PORTLAND — The owner of a Noyes Street home that burned last November, killing six people, pleaded not guilty Friday in Cumberland County Superior Court to six counts of manslaughter and four counts of violation of the life safety code

Gregory Nisbet, 49, of 124 Noyes St., was indicted July 9 by a Cumberland County grand jury.

Nisbet was released on personal recognizance bail, Cumberland County District Attorney Stephanie Anderson said Friday in an email.

A trial date has not been set.

Portland firefighters responded just after 7 a.m. Saturday, Nov. 1, 2014, to a report of a fire at the two-unit building at 20-24 Noyes St. The bodies of tenants David Bragdon Jr., 27; Ashley Thomas, 29; and Nicole Finlay, 26; as well as visitors to the building Christopher Conlee, 25, of Portland; and Maelisha Jackson, 23, of Topsham were found in the building.

The state Office of the Chief Medical Examiner determined the victims at the scene died from smoke inhalation.

A sixth victim, 29-year-old Rockland man Steven Summers, leaped from the upper floors of the 94-year-old building to escape. He was hospitalized with severe burns, and succumbed to his injuries three days later at Massachusetts General Hospital in Boston.

The fire was Maine’s deadliest in nearly four decades, and the deadliest in the city since a 1963 fire on Gilman Place killed six children in 1963.

Investigators determined that the cause of the fire was improperly disposed smoking materials on the porch. They also said the smoke detectors in the house did not work, and the fire spread through the house because the front door was left open.

After his client was indicted, Nisbet’s lawyer, Matt Nichols, called the charges unwarranted.

“What I think was a tragic accident has been turned into a criminal arraignment,” he said.

Anderson previously said the code violations, which also included a lack of a secondary access to the third floor bedrooms where Thomas and Finlay were found, contributed to the deaths.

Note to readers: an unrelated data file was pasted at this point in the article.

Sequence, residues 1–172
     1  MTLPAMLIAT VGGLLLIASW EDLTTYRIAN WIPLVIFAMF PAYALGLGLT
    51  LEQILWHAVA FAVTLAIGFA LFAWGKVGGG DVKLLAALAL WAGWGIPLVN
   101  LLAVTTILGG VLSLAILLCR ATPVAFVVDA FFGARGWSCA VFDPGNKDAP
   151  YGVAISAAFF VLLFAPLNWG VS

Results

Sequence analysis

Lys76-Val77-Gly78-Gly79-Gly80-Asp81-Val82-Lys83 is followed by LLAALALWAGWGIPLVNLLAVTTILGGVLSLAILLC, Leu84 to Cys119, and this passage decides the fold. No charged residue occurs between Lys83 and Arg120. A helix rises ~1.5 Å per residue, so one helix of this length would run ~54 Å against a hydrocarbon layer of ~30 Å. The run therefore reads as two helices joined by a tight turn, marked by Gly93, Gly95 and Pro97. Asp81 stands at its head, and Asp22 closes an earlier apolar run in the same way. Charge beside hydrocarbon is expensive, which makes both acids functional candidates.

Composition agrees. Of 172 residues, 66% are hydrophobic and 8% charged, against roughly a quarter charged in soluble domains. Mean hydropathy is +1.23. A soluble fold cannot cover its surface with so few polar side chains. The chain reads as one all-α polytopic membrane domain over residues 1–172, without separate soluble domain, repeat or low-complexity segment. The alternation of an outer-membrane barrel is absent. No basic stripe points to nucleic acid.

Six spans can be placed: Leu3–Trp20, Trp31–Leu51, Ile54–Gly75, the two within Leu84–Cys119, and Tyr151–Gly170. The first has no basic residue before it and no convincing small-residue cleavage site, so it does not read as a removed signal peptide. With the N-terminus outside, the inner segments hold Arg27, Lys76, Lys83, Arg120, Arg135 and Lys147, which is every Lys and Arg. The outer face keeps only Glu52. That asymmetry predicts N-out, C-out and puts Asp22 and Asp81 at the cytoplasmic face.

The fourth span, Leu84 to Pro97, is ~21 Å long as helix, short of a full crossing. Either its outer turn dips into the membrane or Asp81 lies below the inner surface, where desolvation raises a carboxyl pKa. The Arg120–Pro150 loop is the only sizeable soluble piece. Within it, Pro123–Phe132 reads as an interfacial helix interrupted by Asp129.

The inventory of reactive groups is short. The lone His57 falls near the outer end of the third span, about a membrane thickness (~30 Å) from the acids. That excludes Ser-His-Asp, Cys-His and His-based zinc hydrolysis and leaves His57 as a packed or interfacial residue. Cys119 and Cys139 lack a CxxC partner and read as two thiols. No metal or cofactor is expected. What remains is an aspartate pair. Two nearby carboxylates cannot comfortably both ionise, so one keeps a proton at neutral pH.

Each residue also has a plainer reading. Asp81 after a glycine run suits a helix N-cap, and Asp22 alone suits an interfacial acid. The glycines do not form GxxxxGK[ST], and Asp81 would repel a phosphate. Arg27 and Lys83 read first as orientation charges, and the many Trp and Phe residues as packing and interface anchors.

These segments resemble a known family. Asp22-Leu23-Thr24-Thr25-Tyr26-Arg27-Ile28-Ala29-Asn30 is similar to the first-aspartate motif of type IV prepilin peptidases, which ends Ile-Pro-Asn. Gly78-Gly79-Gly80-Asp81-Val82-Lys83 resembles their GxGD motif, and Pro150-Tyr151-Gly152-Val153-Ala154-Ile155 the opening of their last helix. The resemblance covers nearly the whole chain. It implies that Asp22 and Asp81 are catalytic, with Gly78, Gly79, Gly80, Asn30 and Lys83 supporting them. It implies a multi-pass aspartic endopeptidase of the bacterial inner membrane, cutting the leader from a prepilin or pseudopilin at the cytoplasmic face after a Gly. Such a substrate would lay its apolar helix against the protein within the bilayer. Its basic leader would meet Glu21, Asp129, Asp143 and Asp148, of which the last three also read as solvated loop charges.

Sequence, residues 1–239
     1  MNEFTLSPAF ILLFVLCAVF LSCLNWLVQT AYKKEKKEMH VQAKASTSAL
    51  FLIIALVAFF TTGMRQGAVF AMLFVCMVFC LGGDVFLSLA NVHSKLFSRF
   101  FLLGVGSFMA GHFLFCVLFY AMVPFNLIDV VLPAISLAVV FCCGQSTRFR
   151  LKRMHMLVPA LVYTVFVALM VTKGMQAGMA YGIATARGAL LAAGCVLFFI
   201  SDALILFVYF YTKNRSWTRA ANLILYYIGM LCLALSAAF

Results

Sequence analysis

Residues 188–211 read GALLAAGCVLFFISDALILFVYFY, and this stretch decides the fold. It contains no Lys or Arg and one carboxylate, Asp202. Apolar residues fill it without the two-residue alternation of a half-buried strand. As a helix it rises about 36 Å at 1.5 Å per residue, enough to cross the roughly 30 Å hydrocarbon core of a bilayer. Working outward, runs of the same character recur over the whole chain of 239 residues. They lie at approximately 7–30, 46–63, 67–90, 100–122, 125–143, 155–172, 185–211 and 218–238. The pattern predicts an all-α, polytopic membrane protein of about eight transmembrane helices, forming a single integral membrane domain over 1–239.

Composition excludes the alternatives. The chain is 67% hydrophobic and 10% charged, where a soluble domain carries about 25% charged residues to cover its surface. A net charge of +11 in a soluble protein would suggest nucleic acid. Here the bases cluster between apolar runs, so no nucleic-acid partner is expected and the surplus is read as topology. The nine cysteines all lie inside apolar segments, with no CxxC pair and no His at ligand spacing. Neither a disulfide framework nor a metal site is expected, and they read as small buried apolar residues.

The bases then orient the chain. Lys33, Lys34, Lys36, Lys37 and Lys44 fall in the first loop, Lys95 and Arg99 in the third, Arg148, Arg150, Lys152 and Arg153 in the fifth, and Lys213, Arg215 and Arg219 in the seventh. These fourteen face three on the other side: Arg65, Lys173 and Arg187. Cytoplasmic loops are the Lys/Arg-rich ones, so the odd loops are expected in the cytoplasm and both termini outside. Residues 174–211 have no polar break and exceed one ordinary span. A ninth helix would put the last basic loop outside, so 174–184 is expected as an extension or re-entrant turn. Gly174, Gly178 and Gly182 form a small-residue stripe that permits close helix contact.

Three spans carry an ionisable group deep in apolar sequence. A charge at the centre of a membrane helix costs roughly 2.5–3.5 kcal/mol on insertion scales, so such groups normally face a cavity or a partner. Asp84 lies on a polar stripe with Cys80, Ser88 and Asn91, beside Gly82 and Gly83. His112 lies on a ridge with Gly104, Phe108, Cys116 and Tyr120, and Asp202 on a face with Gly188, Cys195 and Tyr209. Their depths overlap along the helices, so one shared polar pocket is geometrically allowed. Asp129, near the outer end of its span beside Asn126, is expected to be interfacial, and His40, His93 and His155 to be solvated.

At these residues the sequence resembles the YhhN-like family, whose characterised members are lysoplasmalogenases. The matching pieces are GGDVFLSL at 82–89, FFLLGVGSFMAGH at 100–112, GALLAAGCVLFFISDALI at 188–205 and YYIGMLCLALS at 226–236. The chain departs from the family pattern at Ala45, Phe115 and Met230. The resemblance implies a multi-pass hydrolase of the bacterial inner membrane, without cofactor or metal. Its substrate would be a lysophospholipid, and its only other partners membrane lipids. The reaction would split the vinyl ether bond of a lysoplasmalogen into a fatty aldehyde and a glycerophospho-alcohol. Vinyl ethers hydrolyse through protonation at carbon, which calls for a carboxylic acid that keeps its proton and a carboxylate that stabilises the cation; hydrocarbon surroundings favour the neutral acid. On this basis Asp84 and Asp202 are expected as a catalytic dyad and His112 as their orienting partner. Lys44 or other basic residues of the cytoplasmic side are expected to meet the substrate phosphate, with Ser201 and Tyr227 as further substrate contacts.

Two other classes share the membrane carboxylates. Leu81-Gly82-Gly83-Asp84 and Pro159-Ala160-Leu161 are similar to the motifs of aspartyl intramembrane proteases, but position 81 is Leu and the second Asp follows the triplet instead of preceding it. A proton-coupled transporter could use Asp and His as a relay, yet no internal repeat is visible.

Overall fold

A second floor stairway was also blocked by a bookcase.

The victims families have also filed wrongful death civil suits against Nisbet in Cumberland County Superior Court, seeking at least $11 million in claims because of the code violations also cited in the criminal indictment.

The Noyes Street fire spurred scrutiny of the city’s fire code inspection process, in part because of multiple complaints lodged over the years by neighbors alleging dangerous buildups of trash and combustibles on the property, and the addition of third-floor living space in what was supposed to be a two-unit building.

Talks about a potential plea deal between Anderson and Nisbet’s attorney had been going on since January, but broke down in June, the district attorney’s office said when the indictment was made public.

If convicted, Nisbet faces up to 30 years in prison and a fine of up to $50,000 on the manslaughter count alone.

Staff writer David Harry of The Forecaster contributed to this report.

Sidebar Elements

The Nov. 1, 2014, fire that destroyed this building at 20-24 Noyes St. in Portland and killed six people was caused by “improperly discarded smoking material,” according to a report released Jan. 21 by the state fire marshal’s office.

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